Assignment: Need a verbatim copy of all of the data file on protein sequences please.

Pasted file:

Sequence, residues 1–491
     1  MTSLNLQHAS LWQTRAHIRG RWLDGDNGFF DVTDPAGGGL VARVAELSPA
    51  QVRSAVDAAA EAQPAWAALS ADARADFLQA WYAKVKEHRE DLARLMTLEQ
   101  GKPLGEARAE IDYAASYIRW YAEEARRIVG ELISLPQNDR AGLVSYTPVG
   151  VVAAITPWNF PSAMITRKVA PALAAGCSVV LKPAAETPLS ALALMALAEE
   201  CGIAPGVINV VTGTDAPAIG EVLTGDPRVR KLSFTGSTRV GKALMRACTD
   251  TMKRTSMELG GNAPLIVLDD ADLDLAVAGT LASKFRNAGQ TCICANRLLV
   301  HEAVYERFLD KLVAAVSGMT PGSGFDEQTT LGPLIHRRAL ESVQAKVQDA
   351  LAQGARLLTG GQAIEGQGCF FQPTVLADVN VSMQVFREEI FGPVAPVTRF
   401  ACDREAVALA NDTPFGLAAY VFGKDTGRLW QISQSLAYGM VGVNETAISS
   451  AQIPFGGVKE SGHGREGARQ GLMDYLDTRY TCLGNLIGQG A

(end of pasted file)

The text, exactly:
Sequence, residues 1–491
     1  MTSLNLQHAS LWQTRAHIRG RWLDGDNGFF DVTDPAGGGL VARVAELSPA
    51  QVRSAVDAAA EAQPAWAALS ADARADFLQA WYAKVKEHRE DLARLMTLEQ
   101  GKPLGEARAE IDYAASYIRW YAEEARRIVG ELISLPQNDR AGLVSYTPVG
   151  VVAAITPWNF PSAMITRKVA PALAAGCSVV LKPAAETPLS ALALMALAEE
   201  CGIAPGVINV VTGTDAPAIG EVLTGDPRVR KLSFTGSTRV GKALMRACTD
   251  TMKRTSMELG GNAPLIVLDD ADLDLAVAGT LASKFRNAGQ TCICANRLLV
   301  HEAVYERFLD KLVAAVSGMT PGSGFDEQTT LGPLIHRRAL ESVQAKVQDA
   351  LAQGARLLTG GQAIEGQGCF FQPTVLADVN VSMQVFREEI FGPVAPVTRF
   401  ACDREAVALA NDTPFGLAAY VFGKDTGRLW QISQSLAYGM VGVNETAISS
   451  AQIPFGGVKE SGHGREGARQ GLMDYLDTRY TCLGNLIGQG A